Meet Our Contributors

Follow us on LinkedIn
E-Mail Alerts
This form does not yet contain any fields.
    Pietragallo's White Collar Criminal Defense Group

    In today's environment, the government has never more aggressively regulated, investigated, pursued and prosecuted white collar crime. If you or your company becomes embroiled in any type of federal or state government investigation, you need experienced trial lawyers who have gone toe-to-toe with prosecutors and government agents.

    Archives by Category


    Second Circuit Vacates Silver Conviction, Questions Whether All Official Acts Worth Punishing

    What Happened? 
    The U.S. Court of Appeals for the Second Circuit vacated the judgment of conviction against Sheldon Silver, the former Speaker of the New York State Assembly, who was found guilty of committing honest services fraud, Hobbs Act extortion, and money laundering following a jury trial. United States v. Silver, --- F.3d ----, 2017 WL 2978386 (2d Cir. Jul. 13, 2017).

    The Rundown
    Silver appealed from his judgment of conviction, arguing primarily that the District Court’s jury instructions were erroneous under the U.S. Supreme Court’s subsequent decision in McDonnell v. United States, 136 S. Ct. 2355 (2016). In McDonnell, the Supreme Court clarified that an “official act,” an element of honest fraud and extortion, is a “decision or action on a ‘question, matter, cause, suit, proceeding or controversy’” involving “a formal exercise of governmental power.” At Silver’s trial, the district court instructed the jury that an official act was “any action taken or to be taken under the color of official authority.” While that instruction was consistent with the law at the time it was given, the McDonnell Court’s definition of “official act” made it erroneous in retrospect. The error was not harmless, per the Court, because it was not clear that the jury would have found Silver guilty were it properly instructed.

    But the Court went beyond applying McDonnell. It also suggested that a jury could reasonably consider some of Silver’s alleged misconduct to be too perfunctory to constitute the quo of a quid pro quo fraudulent scheme, even if it passed muster as an “official act.” On retrial, the jury must find not only that Silver was compensated for official acts, but also that those acts were significant enough to constitute fraud.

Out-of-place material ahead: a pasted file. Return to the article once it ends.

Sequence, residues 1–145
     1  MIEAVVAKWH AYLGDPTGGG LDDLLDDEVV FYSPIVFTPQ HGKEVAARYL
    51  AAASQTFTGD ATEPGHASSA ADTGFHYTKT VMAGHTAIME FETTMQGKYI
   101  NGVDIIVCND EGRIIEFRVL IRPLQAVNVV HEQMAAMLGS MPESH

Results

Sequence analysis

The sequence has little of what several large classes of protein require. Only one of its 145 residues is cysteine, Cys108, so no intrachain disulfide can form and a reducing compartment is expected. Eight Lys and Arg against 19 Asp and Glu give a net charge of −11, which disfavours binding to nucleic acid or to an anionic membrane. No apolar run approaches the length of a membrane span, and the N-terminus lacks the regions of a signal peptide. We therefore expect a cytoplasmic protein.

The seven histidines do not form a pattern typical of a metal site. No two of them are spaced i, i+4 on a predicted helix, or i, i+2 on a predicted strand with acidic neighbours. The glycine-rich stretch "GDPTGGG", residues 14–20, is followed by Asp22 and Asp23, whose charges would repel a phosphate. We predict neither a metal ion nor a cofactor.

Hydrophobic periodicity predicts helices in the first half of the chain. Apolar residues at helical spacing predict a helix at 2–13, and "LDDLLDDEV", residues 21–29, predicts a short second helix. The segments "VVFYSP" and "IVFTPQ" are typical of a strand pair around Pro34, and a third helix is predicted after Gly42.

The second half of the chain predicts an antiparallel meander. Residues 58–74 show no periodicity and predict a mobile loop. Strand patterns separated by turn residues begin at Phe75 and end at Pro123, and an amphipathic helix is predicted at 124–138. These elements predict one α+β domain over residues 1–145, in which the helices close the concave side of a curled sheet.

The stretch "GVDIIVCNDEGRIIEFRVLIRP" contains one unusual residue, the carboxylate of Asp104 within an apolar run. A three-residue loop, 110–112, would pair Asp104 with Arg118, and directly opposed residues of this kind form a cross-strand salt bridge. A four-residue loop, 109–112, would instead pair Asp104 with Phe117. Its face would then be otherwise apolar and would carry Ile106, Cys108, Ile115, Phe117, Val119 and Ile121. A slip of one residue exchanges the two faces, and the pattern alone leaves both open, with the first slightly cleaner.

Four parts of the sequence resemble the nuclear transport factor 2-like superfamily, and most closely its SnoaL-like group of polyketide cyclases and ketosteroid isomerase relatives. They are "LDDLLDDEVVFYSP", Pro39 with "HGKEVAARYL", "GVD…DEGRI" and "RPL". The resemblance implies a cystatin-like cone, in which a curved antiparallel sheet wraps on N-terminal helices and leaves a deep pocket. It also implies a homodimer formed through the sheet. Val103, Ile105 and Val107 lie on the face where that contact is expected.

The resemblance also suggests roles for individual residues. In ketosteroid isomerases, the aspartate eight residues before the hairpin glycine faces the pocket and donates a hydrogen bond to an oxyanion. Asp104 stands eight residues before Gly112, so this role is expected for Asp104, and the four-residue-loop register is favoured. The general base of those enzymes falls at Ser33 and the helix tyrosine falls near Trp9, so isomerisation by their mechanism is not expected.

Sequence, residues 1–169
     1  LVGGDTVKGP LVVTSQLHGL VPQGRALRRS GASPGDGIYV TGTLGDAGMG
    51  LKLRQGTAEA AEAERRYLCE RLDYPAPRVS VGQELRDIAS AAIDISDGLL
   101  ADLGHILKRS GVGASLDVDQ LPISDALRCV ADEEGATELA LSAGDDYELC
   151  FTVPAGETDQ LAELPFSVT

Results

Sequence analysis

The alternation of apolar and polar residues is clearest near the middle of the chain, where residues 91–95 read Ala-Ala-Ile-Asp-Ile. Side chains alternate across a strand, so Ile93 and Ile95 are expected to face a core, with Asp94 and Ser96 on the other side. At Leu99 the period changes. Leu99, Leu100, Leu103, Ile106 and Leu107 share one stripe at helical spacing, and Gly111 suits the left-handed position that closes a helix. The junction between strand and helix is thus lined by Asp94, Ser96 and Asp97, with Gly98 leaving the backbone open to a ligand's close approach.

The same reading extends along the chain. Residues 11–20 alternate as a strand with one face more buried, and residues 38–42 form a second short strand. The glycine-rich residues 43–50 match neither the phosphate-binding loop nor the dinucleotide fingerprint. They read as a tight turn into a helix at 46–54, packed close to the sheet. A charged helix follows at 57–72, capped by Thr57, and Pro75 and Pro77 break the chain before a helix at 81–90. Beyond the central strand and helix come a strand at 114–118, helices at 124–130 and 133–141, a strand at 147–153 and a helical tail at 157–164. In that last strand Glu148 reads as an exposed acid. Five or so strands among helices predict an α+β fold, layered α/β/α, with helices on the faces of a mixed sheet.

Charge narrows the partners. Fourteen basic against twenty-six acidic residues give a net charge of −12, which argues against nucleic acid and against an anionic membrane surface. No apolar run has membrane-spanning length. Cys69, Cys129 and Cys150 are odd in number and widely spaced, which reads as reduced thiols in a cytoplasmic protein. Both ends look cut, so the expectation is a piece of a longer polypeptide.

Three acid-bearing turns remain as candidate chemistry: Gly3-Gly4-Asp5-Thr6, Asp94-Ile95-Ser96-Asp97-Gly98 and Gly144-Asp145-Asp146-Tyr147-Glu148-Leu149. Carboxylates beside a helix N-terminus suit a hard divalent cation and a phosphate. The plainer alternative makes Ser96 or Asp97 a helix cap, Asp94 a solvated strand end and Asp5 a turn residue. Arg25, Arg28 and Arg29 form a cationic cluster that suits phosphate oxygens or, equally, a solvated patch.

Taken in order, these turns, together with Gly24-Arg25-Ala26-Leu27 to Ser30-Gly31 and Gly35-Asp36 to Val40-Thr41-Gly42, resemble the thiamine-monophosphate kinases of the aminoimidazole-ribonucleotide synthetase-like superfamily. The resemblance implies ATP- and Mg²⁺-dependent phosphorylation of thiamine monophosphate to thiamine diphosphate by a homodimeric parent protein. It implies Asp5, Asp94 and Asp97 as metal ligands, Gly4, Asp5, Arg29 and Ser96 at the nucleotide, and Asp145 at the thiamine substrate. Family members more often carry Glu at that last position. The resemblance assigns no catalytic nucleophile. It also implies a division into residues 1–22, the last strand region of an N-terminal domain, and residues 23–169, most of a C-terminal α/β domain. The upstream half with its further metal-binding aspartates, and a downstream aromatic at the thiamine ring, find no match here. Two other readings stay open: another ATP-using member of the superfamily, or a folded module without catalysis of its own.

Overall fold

For the Record
    Judge Cabranes, writing for the Court, on the nature of resolutions honoring constituents: “A rational jury could . . . conclude that, though certainly ‘official,’ the prolific and perfunctory nature of these resolutions make them de minimis quos unworthy of a quid.

    The Take-Home
    It is worth monitoring whether U.S. Attorney’s Offices within the Second Circuit alter their charging practices based on the Court’s suggestion that not all “official acts” are significant enough to warrant conviction. In any event, future defendants now have footing to argue for favorable jury instructions or vacating their convictions based on the Court’s observation.

    What Happens Next?
    Acting U.S. Attorney Joon H. Kim asserted that Silver will be retried. 


    Department of Education Revisits Title IX Due Process for Respondents: What Does This Mean For Higher Education?

    What Happened?

    The Department of Education’s recent comments strongly suggest that it will be revisiting the 2011 Dear Colleague Letter, particularly whether the required process for investigating allegations of sexual assault are unfair to, and biased against, respondents (students defending themselves against allegations of sexual assault). On the heels of this announcement, Columbia University recently settled the twice-dismissed lawsuit by a male student accused, but exonerated, of allegations that he sexually assaulted a student. The plaintiff student alleged that Columbia engaged in gender-based discrimination after he was cleared of the allegations.

    The Rundown

    The 2011 Dear Colleague Letter was the high water mark for a process that was heavily weighted in favor of the complainant. Over the years, particularly as codified by the October 2014 regulations promulgated pursuant to the Violence Against Women Reauthorization Act (“VAWA”), the pendulum has been swinging back towards affording respondents defined due process rights, including mandated notice and advisor-of-choice provisions. However, colleges and universities still are afforded great discretion in how to proceed with the investigation and resolution of Title IX complaints. The Department of Education's recent comment is a potential further swing of the pendulum toward greater due process for respondents.